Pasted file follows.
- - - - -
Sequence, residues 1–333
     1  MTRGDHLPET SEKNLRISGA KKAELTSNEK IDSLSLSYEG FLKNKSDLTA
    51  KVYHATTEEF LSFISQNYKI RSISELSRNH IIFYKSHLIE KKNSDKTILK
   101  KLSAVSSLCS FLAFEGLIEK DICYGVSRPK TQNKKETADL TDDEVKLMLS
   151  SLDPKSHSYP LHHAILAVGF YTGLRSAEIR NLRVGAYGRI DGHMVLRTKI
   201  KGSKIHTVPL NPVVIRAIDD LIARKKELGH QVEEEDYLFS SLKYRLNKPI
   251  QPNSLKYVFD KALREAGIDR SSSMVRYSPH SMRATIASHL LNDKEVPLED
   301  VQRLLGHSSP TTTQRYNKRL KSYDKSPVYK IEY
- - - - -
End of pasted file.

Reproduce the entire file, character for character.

Sequence, residues 1–333
     1  MTRGDHLPET SEKNLRISGA KKAELTSNEK IDSLSLSYEG FLKNKSDLTA
    51  KVYHATTEEF LSFISQNYKI RSISELSRNH IIFYKSHLIE KKNSDKTILK
   101  KLSAVSSLCS FLAFEGLIEK DICYGVSRPK TQNKKETADL TDDEVKLMLS
   151  SLDPKSHSYP LHHAILAVGF YTGLRSAEIR NLRVGAYGRI DGHMVLRTKI
   201  KGSKIHTVPL NPVVIRAIDD LIARKKELGH QVEEEDYLFS SLKYRLNKPI
   251  QPNSLKYVFD KALREAGIDR SSSMVRYSPH SMRATIASHL LNDKEVPLED
   301  VQRLLGHSSP TTTQRYNKRL KSYDKSPVYK IEY